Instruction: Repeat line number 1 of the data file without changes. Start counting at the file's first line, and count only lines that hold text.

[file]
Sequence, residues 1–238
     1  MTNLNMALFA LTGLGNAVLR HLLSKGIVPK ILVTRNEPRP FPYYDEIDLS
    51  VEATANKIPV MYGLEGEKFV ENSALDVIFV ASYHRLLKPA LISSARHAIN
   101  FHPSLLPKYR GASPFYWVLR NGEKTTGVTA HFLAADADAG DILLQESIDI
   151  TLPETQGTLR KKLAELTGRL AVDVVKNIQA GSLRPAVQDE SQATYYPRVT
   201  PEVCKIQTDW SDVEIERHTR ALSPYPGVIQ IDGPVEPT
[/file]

Sequence, residues 1–238